past decade, the introduction of anti-inflammatory drops,
gel-forming tear substitutes, new punctal plug designs and a new
appreciation for the importance of omega-3 essential fatty acideour
ability to effectively treat ocular surface disease acids has
enhanced our ability to effectively treat ocular surface disease.
There's never been a time when we've had so many options for patient
are times when we need more than drops. In cases of severe
inflammatory dry eye, it may benefit patients to add an oral
When Drops Aren't Enough
syndrome is characterized by dry eye and xerostomia (dry mouth).
Findings that confirm the diagnosis include lymphocytic
infiltration, apoptosis, alteration of neurogenic control of
secretory function and clinical dryness. Laboratory findings that
demonstrate an autoimmune process include the presence of a positive
autoantibody to SS-A antigen or a confirmatory lip biopsy.
may present as an isolated finding, but it's often associated with
systemic autoimmune diseases such as systemic lupus, rheumatoid
arthritis and polymiositis. All of these features confirm the
inflammatory nature of this disease.
impairment of neural control may result from the production of
autoantibodies that interfere with muscarinic type 3 acetylcholine
receptors. Secretory dysfunction in Sj�gren's syndrome may occur in
the absence of glandular destruction.
Practitioners have used oral pilocarpine (Salagen) to treat severe
dry eye for years. It's available in 5mg and 7.5mg tablets taken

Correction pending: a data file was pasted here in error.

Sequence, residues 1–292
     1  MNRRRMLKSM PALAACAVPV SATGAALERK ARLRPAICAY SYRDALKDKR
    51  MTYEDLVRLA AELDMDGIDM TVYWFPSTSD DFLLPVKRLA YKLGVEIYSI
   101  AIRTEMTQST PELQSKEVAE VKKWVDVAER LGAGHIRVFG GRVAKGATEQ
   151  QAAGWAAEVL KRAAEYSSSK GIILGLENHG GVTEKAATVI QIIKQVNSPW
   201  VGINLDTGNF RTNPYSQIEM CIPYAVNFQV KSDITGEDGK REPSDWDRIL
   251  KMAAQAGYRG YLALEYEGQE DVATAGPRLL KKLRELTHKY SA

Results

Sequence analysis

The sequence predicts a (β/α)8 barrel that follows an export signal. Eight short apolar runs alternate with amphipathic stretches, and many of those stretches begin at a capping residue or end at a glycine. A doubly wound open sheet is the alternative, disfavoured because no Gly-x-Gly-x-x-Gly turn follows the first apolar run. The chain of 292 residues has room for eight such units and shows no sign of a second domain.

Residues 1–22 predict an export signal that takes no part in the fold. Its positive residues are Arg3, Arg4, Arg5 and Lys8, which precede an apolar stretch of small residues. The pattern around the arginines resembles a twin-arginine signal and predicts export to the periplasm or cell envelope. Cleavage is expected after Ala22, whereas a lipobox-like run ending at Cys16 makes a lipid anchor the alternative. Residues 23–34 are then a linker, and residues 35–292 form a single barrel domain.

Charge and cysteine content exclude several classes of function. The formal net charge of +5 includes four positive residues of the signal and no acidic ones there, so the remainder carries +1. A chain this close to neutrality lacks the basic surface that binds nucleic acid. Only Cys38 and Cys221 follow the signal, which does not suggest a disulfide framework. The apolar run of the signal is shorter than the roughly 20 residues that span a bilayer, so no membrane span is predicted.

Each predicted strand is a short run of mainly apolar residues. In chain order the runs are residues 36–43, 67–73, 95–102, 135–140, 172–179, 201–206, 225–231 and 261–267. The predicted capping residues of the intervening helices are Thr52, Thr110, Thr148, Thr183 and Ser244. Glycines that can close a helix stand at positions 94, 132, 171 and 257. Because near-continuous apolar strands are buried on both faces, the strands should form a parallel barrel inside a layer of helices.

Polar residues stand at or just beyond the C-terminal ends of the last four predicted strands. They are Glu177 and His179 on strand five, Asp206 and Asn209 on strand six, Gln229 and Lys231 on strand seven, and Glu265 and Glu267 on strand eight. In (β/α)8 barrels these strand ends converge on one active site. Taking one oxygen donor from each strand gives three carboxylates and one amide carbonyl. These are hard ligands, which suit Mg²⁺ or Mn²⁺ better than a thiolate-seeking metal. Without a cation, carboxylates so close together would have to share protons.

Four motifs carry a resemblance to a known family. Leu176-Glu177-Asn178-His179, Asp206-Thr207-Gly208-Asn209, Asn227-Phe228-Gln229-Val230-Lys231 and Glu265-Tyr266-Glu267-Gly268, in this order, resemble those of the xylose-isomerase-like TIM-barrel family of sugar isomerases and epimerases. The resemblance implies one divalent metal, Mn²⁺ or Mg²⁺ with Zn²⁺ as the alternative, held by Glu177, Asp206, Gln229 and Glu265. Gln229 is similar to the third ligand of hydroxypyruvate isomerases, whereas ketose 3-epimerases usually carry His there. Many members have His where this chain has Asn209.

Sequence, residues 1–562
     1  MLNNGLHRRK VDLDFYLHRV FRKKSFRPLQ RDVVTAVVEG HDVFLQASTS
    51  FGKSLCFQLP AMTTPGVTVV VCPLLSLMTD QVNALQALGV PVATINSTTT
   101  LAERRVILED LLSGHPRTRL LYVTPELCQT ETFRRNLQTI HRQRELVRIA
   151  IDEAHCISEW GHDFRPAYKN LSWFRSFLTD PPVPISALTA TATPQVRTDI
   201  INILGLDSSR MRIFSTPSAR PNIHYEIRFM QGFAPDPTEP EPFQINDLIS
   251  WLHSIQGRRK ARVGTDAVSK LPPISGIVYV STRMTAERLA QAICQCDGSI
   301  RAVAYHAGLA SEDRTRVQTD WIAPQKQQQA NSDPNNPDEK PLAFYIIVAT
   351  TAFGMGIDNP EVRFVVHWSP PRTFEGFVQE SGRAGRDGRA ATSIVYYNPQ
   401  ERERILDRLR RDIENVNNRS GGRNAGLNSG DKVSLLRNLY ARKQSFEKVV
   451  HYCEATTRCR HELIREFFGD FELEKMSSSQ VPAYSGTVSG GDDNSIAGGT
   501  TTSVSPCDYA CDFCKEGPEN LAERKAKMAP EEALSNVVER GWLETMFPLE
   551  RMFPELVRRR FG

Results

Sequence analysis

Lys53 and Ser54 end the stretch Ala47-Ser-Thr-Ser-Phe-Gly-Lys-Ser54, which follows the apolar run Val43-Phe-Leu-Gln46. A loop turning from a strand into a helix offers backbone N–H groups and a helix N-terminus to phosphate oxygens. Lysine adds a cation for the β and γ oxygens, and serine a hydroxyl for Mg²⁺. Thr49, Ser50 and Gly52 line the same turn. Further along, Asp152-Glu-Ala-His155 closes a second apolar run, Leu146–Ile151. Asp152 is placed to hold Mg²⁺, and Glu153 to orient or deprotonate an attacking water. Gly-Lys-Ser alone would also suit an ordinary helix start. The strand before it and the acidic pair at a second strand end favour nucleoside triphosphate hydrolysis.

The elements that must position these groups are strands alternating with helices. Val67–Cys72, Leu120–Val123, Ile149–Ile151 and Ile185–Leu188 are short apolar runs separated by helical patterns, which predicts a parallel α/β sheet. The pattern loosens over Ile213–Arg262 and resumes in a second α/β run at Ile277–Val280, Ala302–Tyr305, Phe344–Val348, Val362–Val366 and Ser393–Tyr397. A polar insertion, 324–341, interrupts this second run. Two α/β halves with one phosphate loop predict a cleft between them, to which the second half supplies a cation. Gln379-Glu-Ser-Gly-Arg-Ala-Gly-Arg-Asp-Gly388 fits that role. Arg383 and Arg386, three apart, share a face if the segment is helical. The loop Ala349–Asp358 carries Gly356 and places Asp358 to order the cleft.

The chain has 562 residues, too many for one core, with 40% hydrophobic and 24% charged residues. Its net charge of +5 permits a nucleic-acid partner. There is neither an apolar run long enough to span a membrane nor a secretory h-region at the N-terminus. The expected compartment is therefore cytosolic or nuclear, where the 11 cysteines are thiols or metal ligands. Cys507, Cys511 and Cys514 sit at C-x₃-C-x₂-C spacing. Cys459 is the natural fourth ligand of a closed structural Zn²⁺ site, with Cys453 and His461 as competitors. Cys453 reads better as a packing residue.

every eight hours. Papas et al (2004) conducted an 11-center,
256-patient, placebo-controlled study to evaluate the safety and
efficacy of oral pilocarpine (20mg to 30mg daily) for relief of
Sj�gren's-related dry mouth and dry eye. At 12 weeks the pilocarpine
group demonstrated statistically significant improvement in global
assessment of dry eye relief in six of eight related symptoms.
et al (2006) evaluated the effect of oral pilocarpine therapy on the
conjunctival epithelium of patients who had Sj�gren's syndrome over
a period of two months. They noted a statistically significant
reduction of burning, foreign body sensation and ocular dryness over
time. Goblet cell density increased 850 percent over a two-month
period. Increase in tear volume was not statistically significant.
They concluded that oral pilocarpine improved signs and symptoms,
but these changes were independent of tear secretion.
Cevimeline hydrochloride (Evoxac) is a muscarinic receptor agonist
that has recently gained popularity in treating Sj�gren's syndrome.
In a multicenter study, Petrone et al (2002) found that Sj�gren's
syndrome patients who took three 30mg doses of Evoxac experienced
substantial improvement in the rate of saliva production and tear
flow when compared to placebo. A 15mg dose afforded less improvement
than the 30mg dose. The number of adverse events in patients
receiving the active drug didn't differ significantly from those in
the placebo group.
Educate about Side Effects
common side effects of cevimeline and pilocarpine include increased
sweating, urinary frequency, flushing, diarrhea and chills. Avoid
prescribing these mediations in patients who are taking
anticholinergic medications as they will essentially negate each
other. One other side effect you should know about is�tearing.